An article at the Science Alert Network recentlyreported some pretty earth-shattering news about human breast milk: it containsstem cells. After you’ve caught your breath, read on to find out theramifications of this amazing discovery. Dr. Mark Cregan, a molecular biologist at The University of WesternAustralia, has discovered that breast milk contains stem cells. He presentedhis research last month at the International Conference of the Society forResearch on Human Milk and Lactation in Perth. (Read Catherine Madden’s Science Alert Network here .)
What’s the Big Deal?
The big deal here is that breast milk can be a source of ethically acceptable sourceof stem cells for use in research. Imagine what this will mean to scientiststhe world over who are striving to find treatments and cures for spinal cordinjuries, diabetes, and Parkinson’s disease and have, until now, faceddecisions fraught with ethical pitfalls. Stem cells harvested from breast milkcan put an end to those debates and leave everyone happy. No mean feat!
Breast Milk Is More Than Just Nutrition
“Breast is best” is the mantra of breastfeeding proponents around the world,and rightly so. However, formula manufacturers contend that while breast isbest, their products provide nutrition that is about as close as you can get tobreast milk. And parents who don’t know the whole story about breast milk believe that nutrition is all that breast milk provides. But there’s a whole lot more to breastmilk than meets the eye.
Dr. Cregan believes that, in addition t providing nutrition, breast milkalso passes along key markers that guide a baby as it grows to adulthood. Heand the rest of the “breast-is-best” coalition are excited that his discoverycould be the start of new revelations about breast milk.
A few years ago researchers discovered that breastfed babies have higherIQs. Antibodies and other agents in breast milk also help keep these babieshealthier than babies who are fed formula. Dr. Cregan says that researchersalso believe that the protective effects of breastfeeding continue beyondinfancy and childhood, extending all the way to adulthood.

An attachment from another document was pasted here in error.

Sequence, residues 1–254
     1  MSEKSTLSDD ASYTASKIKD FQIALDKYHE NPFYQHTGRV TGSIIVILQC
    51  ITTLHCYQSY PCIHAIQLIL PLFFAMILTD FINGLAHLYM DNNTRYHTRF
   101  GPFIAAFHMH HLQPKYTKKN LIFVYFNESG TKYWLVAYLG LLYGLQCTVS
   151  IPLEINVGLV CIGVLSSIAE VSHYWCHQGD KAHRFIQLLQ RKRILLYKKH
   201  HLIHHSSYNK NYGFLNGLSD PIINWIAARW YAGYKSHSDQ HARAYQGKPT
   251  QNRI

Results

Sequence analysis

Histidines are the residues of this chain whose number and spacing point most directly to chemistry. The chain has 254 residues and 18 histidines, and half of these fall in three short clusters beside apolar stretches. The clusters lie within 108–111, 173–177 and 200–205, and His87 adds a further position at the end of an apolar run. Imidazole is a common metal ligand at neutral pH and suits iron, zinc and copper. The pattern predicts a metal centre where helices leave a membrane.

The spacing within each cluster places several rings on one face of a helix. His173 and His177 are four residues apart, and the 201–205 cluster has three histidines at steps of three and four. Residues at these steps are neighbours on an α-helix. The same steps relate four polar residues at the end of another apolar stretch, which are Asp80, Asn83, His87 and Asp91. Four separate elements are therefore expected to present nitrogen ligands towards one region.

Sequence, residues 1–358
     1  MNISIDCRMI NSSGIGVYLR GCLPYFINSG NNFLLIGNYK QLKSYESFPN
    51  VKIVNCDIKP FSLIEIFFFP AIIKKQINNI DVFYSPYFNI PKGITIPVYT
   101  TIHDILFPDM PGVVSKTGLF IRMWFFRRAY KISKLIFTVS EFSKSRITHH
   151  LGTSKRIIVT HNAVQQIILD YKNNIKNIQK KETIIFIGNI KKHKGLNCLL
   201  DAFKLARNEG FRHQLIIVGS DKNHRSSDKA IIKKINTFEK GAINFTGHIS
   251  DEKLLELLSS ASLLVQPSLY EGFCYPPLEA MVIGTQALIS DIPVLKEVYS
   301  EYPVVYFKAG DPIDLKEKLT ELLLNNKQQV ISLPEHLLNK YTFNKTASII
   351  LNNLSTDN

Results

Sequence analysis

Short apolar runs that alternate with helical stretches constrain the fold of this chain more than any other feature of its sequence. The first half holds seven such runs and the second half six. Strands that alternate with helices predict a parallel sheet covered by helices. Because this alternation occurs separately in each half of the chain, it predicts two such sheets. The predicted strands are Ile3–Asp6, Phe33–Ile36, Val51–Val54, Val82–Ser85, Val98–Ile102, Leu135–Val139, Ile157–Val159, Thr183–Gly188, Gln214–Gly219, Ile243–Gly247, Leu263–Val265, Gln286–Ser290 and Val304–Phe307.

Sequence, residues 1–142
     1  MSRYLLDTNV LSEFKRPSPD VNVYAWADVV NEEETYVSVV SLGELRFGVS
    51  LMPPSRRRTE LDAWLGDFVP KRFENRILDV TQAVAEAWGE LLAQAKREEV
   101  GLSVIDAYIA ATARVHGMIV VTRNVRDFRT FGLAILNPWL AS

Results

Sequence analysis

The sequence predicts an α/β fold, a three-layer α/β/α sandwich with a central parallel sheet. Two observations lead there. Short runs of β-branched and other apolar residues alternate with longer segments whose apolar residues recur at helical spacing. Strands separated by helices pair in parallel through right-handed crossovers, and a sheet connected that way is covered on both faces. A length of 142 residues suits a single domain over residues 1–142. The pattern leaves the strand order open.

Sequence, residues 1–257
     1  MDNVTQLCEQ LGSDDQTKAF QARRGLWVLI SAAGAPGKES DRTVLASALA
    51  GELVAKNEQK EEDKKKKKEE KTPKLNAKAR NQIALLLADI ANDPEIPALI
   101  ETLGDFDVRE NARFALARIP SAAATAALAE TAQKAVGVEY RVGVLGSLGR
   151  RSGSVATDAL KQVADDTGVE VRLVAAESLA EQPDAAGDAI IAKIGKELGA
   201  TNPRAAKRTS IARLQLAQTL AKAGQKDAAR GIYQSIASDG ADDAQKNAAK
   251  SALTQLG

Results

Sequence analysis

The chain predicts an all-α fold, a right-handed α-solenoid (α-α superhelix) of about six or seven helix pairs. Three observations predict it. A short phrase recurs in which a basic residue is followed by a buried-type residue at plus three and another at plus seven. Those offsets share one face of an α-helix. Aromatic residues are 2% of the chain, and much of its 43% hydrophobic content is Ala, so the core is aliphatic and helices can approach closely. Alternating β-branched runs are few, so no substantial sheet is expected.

The Science Behind the Discovery
The article’s author, Catherine Madden, writes that, “It was Dr. Cregan’sinterest in infant health that led him to investigate the complex cellularcomponents of human milk.” He observed the vast complexity of cells andsuspected that their precursors just might be there, too.
His team found cells that tested positive for the stem cell marker, nestin,and that some of the stem cells had the potential to differentiate intomultiple cell types. This is what makes stem cells so important to researchers:these cells have the potential to develop into many different kinds of humantissue.
The Next Steps
Now that Dr. Cregan and his team have proven that these cells have thephysical characteristics of stem cells, the next step, “is to see if theybehave like stem cells.”
Madden concludes her article by stating that immune cells found in breastmilk that are able to survive the baby’s digestive process “could provide apathway to developing targets to beat certain viruses or bacteria.”
Grow-Your-Own Breast Implants
On a related note, the Human Nature page at Slate reportsthat scientists have grown customized breast implants from stem cells. So far,nearly 40 women have undergone this procedure, with no serious ill effects.(Read the whole article here .)
[Perhaps in the future the stem cells used to grow theseimplants will be harvested from breast milk. –Ed.]